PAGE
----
account of the occasion, with the names of the guests, fifty copies of which were printed for private distribution.
The fellow voyagers of twenty years before were there and a more remarkable fact was that the bridesmaid and groomsman of 1837 were present; the former, Mrs. Sarah W. Hart, a sister of Mr. Warren; the latter, Elijah B. Smith.
A valued keepsake in a Medford family is one of these little books, inscribed on a fly-leaf, The Bride and Groom, 1837, To Mr. Elijah B. Smith, Xmas, 1887.
Mr. Warren died in Boston, January 23, 1890.
A pamphlet published after his death testified to the esteem in which he was held.
Words written by officers of churches, savings banks, the Washingtonian Home, Bostonian Society, directors of the public library of Billerica, corporation of the South End Industrial School, and others, formed a fine testimonial and gave proof of good stewardship.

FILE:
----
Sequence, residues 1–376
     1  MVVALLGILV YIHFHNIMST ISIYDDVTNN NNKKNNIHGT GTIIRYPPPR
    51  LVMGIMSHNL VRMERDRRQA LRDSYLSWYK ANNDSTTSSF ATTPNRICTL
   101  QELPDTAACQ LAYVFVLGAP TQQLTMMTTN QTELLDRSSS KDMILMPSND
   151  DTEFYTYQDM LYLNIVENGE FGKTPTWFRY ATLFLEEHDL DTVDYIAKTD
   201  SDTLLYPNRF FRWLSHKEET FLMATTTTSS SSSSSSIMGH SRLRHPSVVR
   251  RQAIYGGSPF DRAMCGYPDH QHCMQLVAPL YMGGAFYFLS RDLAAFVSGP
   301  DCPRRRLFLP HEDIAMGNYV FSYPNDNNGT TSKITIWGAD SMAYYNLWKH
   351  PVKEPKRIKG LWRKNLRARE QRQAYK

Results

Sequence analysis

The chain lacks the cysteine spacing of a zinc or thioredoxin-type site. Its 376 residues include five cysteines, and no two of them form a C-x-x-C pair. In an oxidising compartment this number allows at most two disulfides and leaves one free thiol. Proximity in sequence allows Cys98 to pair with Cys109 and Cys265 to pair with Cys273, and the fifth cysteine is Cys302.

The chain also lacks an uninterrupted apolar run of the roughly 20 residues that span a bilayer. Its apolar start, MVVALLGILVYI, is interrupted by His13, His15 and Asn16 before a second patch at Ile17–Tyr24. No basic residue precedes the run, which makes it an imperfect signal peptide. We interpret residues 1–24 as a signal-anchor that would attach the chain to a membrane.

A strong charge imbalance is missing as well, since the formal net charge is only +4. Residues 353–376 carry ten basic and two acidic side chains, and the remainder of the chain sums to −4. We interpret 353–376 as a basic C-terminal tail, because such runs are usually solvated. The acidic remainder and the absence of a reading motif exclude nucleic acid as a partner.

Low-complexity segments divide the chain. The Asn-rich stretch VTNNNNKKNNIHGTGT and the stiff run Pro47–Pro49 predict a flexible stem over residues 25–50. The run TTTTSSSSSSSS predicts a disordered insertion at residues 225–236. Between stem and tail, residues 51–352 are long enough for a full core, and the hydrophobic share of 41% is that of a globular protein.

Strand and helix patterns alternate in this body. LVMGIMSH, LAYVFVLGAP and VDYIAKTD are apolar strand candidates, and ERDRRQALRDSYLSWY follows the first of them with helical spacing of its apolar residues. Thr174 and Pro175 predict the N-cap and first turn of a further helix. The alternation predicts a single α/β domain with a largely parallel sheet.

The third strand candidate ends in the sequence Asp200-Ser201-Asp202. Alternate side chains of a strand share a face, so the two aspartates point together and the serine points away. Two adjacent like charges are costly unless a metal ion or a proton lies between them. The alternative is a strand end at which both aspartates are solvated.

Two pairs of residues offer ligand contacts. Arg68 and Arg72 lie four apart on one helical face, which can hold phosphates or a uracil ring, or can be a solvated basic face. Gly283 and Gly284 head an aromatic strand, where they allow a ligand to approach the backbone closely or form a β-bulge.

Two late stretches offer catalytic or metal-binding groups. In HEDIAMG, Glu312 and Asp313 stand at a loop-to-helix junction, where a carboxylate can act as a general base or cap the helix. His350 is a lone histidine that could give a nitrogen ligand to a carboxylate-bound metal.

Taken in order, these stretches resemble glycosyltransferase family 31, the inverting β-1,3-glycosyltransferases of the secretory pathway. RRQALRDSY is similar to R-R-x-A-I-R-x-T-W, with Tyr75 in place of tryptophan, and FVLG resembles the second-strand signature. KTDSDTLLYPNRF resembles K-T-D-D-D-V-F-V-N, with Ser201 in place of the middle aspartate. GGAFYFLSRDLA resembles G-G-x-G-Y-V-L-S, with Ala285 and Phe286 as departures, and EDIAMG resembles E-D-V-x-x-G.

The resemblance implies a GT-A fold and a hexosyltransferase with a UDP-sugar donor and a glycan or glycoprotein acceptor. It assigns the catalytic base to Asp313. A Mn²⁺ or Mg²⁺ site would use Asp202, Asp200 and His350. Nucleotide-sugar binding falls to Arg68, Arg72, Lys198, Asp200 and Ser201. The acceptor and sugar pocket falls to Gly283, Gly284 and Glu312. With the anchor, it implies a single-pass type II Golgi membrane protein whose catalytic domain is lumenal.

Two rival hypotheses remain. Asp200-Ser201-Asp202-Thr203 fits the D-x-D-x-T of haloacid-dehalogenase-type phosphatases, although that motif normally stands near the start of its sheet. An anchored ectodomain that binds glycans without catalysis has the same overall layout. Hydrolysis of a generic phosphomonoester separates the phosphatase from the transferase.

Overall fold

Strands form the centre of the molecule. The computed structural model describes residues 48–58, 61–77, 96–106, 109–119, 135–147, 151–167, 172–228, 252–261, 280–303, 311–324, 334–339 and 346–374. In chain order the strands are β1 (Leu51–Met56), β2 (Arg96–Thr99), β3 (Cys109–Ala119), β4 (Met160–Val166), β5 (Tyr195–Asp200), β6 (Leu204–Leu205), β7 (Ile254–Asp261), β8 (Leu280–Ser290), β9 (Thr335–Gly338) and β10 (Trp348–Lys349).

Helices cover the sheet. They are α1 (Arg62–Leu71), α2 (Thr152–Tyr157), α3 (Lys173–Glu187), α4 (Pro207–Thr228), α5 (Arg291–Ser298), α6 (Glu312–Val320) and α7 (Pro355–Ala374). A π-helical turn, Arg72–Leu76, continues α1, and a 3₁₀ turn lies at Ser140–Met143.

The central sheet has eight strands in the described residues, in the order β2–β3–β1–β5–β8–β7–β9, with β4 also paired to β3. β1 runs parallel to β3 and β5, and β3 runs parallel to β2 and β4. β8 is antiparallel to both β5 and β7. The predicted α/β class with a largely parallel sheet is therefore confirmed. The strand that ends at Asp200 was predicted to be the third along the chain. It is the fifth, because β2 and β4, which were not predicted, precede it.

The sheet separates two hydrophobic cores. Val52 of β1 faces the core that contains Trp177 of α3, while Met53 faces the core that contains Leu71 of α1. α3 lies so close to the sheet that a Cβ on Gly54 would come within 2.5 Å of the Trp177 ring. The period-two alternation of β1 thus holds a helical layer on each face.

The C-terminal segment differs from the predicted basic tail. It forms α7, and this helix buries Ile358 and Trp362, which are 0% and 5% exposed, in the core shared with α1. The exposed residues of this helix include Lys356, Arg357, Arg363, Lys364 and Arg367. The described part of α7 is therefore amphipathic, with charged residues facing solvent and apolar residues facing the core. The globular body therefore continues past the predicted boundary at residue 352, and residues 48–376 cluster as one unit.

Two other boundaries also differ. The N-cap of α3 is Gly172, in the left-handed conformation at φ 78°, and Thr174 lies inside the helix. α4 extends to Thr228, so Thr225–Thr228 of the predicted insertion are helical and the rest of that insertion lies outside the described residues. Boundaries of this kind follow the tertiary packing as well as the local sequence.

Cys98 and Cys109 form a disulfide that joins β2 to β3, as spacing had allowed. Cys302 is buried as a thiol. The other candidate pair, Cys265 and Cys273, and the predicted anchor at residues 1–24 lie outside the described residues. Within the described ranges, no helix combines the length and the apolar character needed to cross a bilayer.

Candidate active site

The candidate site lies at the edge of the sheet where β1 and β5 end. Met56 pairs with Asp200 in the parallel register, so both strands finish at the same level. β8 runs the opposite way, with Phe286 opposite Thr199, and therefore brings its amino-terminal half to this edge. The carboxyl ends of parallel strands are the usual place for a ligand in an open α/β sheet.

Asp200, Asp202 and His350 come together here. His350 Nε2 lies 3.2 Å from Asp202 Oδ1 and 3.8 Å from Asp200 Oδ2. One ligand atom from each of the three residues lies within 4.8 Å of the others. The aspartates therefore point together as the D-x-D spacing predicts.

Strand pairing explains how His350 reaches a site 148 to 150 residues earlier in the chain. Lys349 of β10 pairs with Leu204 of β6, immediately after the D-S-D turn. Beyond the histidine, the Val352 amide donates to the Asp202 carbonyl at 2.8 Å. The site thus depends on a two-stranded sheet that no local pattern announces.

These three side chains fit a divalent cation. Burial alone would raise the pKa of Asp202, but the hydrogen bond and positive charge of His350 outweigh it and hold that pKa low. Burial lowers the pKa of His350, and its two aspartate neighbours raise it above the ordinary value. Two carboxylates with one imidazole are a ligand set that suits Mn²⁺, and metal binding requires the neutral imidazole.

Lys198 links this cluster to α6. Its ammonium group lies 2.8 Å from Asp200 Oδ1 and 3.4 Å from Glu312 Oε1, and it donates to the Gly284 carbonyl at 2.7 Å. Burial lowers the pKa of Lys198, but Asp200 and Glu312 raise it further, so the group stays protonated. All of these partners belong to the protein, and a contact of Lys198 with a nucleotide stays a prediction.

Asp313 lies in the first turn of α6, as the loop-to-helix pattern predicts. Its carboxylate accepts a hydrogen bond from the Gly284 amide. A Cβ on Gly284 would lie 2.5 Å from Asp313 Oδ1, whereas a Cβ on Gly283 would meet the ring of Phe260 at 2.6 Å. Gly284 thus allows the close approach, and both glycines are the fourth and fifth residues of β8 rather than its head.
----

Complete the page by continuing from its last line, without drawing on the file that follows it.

Mrs. Warren died at Hotel Bristol, where she had lived for thirty-seven years, July 31, 1916, a
f his estate is now the site of the Revere House.
He had a very fine garden and is said to have had the first orchids in New England.
He had several children, Kirk, Francis, William, Mrs. William Wells, Mrs. Lyman, Mrs. Edward Brooks, John Wright Boott.
Francis was a physician and botanist of note who spent most of his time in England.
His brother William was a botanist of local fame.
The former, born in Boston, 1792, died in London, 1863.
The latter, born in Boston, 1805, died there, 1887.
He spent much time in summer in Medford studying its flora.
He was accustomed to pass Sundays and Wednesday nights at the home of his relative Francis Brooks, whose father, Edward, oldest son of Peter Chardon Brooks, married Eliza Boott, 1821. of Boston.
Alfred and Howard the two youngest sons, died in comparatively early life.
Martha the eldest daughter had received a superior education to her sisters, under the patronage of a wealthy aunt in England, to whom she soon returned after re